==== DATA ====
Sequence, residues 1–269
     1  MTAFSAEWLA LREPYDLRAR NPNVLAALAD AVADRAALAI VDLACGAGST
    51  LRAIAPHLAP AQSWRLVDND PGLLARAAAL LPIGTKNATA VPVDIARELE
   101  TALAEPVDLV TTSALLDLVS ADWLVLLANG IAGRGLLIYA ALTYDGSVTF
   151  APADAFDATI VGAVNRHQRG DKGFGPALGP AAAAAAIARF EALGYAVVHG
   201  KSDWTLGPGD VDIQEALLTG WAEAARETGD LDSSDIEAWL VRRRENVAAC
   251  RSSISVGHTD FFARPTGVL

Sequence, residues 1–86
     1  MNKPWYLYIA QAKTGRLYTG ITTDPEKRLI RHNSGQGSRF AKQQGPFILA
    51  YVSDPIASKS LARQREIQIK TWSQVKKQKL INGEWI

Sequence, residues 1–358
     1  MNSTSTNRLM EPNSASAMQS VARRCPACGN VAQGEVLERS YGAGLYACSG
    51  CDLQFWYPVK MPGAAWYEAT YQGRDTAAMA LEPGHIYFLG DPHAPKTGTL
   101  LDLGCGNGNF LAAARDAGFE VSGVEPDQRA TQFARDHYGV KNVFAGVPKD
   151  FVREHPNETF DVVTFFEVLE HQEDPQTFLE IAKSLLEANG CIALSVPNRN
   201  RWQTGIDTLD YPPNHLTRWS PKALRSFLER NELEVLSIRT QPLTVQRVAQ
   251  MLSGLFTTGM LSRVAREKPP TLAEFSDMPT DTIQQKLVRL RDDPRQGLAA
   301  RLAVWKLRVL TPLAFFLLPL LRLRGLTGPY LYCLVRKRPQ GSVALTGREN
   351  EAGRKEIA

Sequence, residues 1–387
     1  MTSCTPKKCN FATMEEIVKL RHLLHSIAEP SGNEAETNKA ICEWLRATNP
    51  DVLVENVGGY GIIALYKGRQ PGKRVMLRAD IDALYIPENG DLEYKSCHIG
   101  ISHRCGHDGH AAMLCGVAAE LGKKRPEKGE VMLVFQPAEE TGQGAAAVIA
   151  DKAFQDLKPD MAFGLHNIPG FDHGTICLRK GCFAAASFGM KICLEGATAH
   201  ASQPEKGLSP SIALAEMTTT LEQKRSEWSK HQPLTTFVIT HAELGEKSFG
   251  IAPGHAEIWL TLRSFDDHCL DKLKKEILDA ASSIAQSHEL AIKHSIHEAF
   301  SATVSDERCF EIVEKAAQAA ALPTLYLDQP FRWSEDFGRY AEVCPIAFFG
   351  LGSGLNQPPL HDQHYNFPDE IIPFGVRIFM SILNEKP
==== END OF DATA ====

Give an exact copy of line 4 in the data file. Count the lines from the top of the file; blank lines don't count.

   101  TALAEPVDLV TTSALLDLVS ADWLVLLANG IAGRGLLIYA ALTYDGSVTF